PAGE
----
Ah, well.

Onward.

After #concussion: Your brain needs to clear out the gunk. What can you do about it?

Sleep is goodAfter your brain gets injured by a concussion/TBI, you need to slow down and rest. Sleep, clean drinking water, and nutritious food have all been shown to help.

Sleep, especially, has been shown to help. Recent research has shown that sleep actually removes toxins and debris from the brain. While we are asleep, the brain is literally washing itself. That’s especially important here. Sleep is exactly what you want to do, if you can.

Drink plenty of water. The brain is about 80% water, and it needs to stay hydrated. Not having enough water in your system can give you a headache. That’s the last thing you need – so drink plenty of clean, fresh water.

Exercise has also been shown to help, although it can make your symptoms worse. Getting your system moving and increasing blood flow throughout your body can be beneficial. But it can also make you feel terrible, so listen to your doctor and follow his/her orders.

Every brain injury is different, but the process of injury and recovery after concussion is similar. Remember the graph above that shows energy levels vs. energy availability? You’ve got to give your brain a chance to catch up with itself. So, rest. It’s important

Take a break from all the screens, and avoid mental activity. Watching T.V., reading, playing video games, checking Facebook and Twitter, surfing the web, emailing… all those things activate your brain. You need to step away from them for a while, so your brain can catch up with itself.

Trust me, it’s no fun to sit still – especially after concussion.

Your brain is telling itself (and your body) to Go-Go-Go.

But remember, it’s been injured, and it has no idea what you’re supposed to do. That’s just the neurochemistry talking.

One other thing you can do is eat nutritious food. The energy crisis in your brain means it needs more fuel to keep going. Stay away from junk food. Too much processed sugar and “cheap” carbohydrates puts you on a roller-coaster, which can make you feel worse than ever. Eat fresh fruits and vegetables, and eat regular meals with balanced nutrition. That will give your body more of a chance to get your brain working again.

  • Eat right – avoid junk food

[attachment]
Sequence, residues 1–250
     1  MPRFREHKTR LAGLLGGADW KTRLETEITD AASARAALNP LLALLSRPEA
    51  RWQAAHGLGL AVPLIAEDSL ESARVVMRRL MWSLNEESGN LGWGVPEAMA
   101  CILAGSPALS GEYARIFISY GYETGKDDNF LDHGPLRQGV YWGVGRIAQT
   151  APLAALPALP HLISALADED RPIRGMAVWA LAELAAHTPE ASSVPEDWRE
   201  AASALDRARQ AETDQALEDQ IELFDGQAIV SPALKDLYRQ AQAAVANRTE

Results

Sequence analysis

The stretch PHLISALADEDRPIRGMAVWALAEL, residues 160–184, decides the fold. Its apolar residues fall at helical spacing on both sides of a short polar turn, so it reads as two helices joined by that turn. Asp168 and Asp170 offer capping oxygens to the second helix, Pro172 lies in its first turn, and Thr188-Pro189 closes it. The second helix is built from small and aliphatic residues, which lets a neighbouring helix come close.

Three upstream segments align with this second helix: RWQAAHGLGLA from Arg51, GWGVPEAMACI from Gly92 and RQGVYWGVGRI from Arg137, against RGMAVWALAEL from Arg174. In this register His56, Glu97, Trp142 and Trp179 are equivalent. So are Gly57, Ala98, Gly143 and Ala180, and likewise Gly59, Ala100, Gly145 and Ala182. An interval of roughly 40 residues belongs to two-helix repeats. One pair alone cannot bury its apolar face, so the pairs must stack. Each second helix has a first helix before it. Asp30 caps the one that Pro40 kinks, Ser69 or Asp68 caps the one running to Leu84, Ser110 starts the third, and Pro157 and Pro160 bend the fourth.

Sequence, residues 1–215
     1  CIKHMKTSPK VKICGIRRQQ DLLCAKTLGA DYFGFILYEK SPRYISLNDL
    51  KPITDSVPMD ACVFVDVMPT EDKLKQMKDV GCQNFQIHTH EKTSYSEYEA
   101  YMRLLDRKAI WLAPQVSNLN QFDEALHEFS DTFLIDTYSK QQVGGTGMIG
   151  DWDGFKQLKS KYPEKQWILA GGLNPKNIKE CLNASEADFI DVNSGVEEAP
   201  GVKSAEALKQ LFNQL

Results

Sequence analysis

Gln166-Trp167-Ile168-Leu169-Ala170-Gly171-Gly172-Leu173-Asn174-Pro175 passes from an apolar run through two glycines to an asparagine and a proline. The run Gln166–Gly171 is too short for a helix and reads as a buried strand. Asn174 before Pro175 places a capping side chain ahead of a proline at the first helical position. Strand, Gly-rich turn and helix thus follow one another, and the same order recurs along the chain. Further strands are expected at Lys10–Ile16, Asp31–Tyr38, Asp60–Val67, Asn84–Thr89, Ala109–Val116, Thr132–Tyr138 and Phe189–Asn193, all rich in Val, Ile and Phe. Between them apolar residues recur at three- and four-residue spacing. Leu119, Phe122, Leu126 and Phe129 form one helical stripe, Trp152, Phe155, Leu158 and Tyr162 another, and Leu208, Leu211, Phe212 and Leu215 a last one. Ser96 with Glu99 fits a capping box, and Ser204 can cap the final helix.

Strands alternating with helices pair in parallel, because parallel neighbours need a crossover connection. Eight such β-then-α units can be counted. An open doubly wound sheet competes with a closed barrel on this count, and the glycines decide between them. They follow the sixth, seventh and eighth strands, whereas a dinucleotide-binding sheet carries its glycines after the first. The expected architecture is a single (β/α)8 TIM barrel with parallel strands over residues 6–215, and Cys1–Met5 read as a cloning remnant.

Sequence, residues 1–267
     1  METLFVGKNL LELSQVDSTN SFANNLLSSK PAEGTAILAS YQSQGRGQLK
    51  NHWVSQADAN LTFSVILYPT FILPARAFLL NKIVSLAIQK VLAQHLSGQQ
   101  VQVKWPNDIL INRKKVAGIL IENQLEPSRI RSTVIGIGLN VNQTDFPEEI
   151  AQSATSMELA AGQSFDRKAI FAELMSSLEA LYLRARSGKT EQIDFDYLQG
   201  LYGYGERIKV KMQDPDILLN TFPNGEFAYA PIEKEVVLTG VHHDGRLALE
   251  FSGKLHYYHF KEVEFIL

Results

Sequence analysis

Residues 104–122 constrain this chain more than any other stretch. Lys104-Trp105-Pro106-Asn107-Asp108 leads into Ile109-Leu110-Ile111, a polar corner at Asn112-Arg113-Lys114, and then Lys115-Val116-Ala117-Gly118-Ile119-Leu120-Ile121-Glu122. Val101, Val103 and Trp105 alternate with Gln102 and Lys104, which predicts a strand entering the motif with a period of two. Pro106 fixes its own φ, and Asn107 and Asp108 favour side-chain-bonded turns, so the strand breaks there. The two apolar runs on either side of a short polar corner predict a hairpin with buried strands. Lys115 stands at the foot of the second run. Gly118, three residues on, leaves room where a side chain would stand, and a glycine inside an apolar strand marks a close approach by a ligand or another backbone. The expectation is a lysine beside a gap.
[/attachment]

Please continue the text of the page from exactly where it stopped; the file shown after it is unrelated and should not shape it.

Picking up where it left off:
• Sleep well – and stay off all the devices
  • Drink plenty of water

Mixed day. Half day. Full day.

Well, there it is. It’s been a full day, but I got maybe half of what I’d intended done.

Of course I did. I am notoriously bad at estimating what I’ll be able to accomplish in my weekend time. For some reason, I always think I’ll be running at the same pace I do during the week, but weekends take on a pace of their own, so by 3:30 or so, I realize I estimated all wrong, and I settle in to just having a weekend.

Originally, the plan was to run some errands in the morning, mail out some Christmas presents to family, help my spouse get ready for a day trip they were taking with friends, do some work around the house, run some more errands, clean a little bit, take a nap, make some supper, set up the Christmas tree, and get a head start on another job I need to do tomorrow.

That’s almost how it went. Except for half of it. While doing one set of errands, I realized that I needed to run to the big box home improvement store and pick up a piece of lumber to patch a hole in the stairs of my house. I’ve had workmen step into that gap and nearly hurt themselves. And just the other day, another one broke  through the patch I created 10 years ago. I guess 10 years is about the lifespan of that particular patch.

I also needed to pick up some supper, so I ran to the store and got my supplies, along with some caulk. I stopped to ask some employees at the store about where to find caulk, and when they asked me what it was for, I couldn’t get the words out. I could see the pictures in my head, clear as day, but I couldn’t pull up the words “garage” or “trim”. I just stood there like an idiot, gesturing in mid-air with one hand, while I held the 2×6 in the other.

“It’s for outside,” I said. “Outside”. That was the best I could do. The lights were so friggin’ bright overhead, the space was TOO BIG, TOO LOUD, TOO MUCH, and I was still feeling sick — still am, right now.

Fortunately, they just told me where the caulk was (right behind me – d’oh), and they recommended the silicon type. I need to fill some gaps in the trim of my house around the garage doors, because mice keep getting in that way. I’ve seen them slip into that gap many a time, and I’ve had it with them. They’re dead.

I got home in one piece, trimmed the end off the lumber, patched the hole, and then set a bunch of mousetraps in in places where those little bastards tend to show up. When it gets cold outside, they come inside. And until I get those gaps filled (I need to wait till it’s warm and dry before I use it — it’s supposed to get that way, next week), it’s “killing time” for those little bastards.

One place I set the traps is along a veritable “mouse walkway” in my basement. There’s a high ledge along the outer wall where I’ve trapped them before with live traps. Once, I caught four of them overnight. Now I’m not bothering with live traps. They’re dead. Dead, I tell you. The thing is, with my snap traps, if they snap, they can go flying, and then they’ll end up God-knows-where, and I might not find them till I start to smell the little decomposing carcasses. It’s happened before.